Arts & Humanities Society & Culture

Film screening to look at science experiments at particle collider

Athens, Ga. – Several University of Georgia units and the Clarke County School District will host public screenings of the award-winning documentary, “Particle Fever” on Nov. 5-6.

There will be three screenings of “Particle Fever,” a film that looks at the Large Hadron Collider, the international research facility that discovered the smallest known particle: a free show Nov. 5 at 4:30 p.m. for Clarke County science teachers, middle and high school students (ID required); Nov. 5 at 7 p.m. for the general public; and Nov 6 at 7 p.m. for UGA students. Tickets for the evening shows are $9.75. Screenings take place at Ciné, 234 W. Hancock Ave.

The film focuses on a team of scientists working on the experiments, as well as the theories of the universe that could be supported-or not supported-by the collider.

Julie Luft, the Athletic Association Professor of Mathematics and Science Education in the College of Education, said the film not only takes a complex topic and presents it in a way that’s easy for non-scientists to understand, but it’s also a timely topic. “Particle Fever” is about the search for the Higgs boson at the Large Hadron Collider, and the scientist who first proposed the theory of the Higgs boson won the 2013 Nobel Prize in Physics.

“It’s important, and kids need to know what science looks like,” Luft said. “It shows the heartbreak and joy of science.”

The Nov. 5 screenings will be followed by panel discussions featuring top scientists from the UGA community and across the country, including a scientist connected to the world’s largest and most powerful particle accelerator.

Wes Corley, a science teacher at Burney-Harris-Lyons Middle School, will moderate the discussion following the 4:30 p.m. screening. The panel includes Erin Lipp, a professor of environmental health science at the UGA College of Public Health who specializes in microbial pathology and waterborne pathogens; Ron Walcott, a professor of plant pathology in the UGA College of Agricultural and Environmental Sciences who researches inter-organism interactions; and Craig Wiegert, associate professor of physics at UGA’s Franklin College of Arts and Sciences who has experience in dark matter.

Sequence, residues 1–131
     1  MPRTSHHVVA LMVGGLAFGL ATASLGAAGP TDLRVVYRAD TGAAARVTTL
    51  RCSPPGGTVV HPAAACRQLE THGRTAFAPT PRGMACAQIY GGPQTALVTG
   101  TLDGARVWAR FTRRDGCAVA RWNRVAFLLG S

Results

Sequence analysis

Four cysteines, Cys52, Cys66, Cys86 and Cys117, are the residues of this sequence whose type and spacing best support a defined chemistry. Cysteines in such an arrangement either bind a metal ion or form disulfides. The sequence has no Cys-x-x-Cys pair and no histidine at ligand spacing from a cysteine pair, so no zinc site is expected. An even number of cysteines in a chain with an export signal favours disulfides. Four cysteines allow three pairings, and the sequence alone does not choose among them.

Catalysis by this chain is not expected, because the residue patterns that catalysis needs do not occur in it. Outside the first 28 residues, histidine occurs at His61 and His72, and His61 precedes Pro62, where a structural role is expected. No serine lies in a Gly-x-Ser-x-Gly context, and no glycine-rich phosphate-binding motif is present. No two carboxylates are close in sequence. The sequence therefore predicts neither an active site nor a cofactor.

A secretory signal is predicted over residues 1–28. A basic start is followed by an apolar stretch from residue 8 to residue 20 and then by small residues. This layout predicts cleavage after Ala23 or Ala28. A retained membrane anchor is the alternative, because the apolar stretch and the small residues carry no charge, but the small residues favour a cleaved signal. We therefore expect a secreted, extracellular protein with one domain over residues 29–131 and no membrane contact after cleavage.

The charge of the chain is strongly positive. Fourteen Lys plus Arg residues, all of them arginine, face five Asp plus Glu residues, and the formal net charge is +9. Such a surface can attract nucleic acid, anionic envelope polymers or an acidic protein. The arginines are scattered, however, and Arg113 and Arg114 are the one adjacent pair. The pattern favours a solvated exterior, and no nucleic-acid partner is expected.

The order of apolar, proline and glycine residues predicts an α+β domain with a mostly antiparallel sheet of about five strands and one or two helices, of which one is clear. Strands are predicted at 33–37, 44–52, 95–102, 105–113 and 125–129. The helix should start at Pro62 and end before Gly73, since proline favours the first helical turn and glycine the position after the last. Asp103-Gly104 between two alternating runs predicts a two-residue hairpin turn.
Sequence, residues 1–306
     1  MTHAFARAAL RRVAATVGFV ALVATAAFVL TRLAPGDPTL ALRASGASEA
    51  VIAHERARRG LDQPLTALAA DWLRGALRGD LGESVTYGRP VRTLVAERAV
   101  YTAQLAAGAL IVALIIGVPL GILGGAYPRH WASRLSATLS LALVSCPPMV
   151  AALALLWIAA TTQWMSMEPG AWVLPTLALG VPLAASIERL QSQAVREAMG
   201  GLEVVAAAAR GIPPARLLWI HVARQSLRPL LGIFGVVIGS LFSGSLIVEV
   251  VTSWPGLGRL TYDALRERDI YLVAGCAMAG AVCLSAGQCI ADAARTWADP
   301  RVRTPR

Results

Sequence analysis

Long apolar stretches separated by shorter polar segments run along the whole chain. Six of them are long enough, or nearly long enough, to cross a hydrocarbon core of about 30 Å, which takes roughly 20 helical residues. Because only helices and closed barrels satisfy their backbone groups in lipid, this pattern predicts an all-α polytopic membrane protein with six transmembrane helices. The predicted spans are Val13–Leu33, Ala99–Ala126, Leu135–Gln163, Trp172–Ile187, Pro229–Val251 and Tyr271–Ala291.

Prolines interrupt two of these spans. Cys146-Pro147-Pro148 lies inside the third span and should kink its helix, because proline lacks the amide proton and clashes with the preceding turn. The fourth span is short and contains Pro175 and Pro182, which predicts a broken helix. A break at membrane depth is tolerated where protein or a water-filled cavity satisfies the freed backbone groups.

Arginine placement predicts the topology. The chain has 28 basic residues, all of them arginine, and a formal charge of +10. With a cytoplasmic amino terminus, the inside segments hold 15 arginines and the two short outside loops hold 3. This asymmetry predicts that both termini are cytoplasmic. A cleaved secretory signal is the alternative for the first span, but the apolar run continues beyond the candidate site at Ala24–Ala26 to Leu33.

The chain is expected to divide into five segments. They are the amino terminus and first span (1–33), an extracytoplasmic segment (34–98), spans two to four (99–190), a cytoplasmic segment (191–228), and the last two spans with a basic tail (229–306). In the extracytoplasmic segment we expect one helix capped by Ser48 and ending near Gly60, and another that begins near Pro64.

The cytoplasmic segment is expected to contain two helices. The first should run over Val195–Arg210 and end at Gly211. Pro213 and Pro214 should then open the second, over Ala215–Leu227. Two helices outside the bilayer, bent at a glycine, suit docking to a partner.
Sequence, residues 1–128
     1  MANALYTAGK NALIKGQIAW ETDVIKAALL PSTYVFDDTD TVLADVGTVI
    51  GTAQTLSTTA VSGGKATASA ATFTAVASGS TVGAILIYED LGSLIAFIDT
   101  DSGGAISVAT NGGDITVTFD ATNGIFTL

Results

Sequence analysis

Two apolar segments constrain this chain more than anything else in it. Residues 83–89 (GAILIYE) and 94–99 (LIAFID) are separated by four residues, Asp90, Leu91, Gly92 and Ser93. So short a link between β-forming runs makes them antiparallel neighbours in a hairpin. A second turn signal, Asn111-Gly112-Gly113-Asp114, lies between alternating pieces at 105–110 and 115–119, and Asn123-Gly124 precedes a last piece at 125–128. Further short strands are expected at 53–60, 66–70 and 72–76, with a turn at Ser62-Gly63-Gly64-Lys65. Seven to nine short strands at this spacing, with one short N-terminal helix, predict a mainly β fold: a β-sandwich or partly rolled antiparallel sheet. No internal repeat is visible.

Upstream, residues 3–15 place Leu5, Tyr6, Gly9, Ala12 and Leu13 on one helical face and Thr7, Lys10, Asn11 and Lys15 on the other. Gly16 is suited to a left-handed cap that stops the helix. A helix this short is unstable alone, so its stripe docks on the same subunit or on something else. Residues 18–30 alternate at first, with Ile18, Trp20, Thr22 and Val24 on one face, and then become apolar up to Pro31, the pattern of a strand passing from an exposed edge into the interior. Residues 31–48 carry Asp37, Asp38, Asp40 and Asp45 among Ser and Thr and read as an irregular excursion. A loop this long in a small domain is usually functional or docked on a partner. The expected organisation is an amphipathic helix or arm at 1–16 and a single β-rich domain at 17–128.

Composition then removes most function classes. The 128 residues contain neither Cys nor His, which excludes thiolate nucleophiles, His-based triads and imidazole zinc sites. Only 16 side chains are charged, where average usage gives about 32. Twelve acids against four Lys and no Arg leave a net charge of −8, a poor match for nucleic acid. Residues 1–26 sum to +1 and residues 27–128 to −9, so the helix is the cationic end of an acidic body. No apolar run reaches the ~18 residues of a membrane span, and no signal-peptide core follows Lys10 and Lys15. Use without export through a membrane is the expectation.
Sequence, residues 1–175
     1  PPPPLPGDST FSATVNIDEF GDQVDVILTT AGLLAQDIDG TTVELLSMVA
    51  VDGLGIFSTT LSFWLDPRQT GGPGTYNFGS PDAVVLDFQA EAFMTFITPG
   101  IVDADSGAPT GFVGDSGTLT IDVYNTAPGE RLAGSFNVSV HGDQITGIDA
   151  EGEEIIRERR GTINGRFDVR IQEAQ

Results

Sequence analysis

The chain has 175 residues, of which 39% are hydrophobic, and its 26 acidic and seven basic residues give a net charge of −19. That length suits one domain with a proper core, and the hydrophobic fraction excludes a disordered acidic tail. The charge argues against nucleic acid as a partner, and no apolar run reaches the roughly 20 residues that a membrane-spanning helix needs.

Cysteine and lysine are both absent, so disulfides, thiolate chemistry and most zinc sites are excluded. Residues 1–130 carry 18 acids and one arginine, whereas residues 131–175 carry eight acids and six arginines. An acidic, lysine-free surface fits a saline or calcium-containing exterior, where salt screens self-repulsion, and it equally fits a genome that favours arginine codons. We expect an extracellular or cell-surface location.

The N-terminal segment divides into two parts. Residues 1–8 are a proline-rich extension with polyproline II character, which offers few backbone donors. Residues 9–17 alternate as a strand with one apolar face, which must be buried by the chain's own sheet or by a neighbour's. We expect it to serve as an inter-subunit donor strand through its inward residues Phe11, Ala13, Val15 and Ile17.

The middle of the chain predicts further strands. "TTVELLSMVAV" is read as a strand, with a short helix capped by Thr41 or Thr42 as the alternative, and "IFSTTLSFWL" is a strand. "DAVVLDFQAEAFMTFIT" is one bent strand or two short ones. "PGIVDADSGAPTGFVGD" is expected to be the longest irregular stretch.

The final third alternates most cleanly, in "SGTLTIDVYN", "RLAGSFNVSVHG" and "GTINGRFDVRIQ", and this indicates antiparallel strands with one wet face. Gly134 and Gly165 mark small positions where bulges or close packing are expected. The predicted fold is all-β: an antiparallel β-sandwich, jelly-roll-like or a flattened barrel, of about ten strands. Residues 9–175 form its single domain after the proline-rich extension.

Cheryl Hudson, a science teacher at Cedar Shoals High School, will moderate the discussion following the 7 p.m. screening, which also includes Marguerite Brickman, professor of plant biology at Franklin College with a background in genetics; Tina Salguero, assistant professor of chemistry at Franklin College who specializes in nanoscience and inorganic chemistry; and Elliott Cheu, associate dean of science and professor of physics at the University of Arizona.

Cheu works on the ATLAS Experiment, which uses the Large Hadron Collider to discover and photograph the building blocks of nature. One storyline of “Particle Fever” follows scientists working on the ATLAS Experiment.

“This experiment has something like 2,500 physicists working on it, so getting an idea of how the United States scientists contribute on such an international experiment is very interesting to people,” said Cheu. “It’s not this distant, abstract thing. Real people are doing real work on this experiment.”

Tickets may be purchased in advance at or calling Ciné at 706-353-3343. For more information on the event, see

The screening is sponsored by an endowment from the UGA Athletic Association, the Office of STEM Education and the department of physics and astronomy. It is hosted by the College of Education and the Franklin College of Arts and Sciences.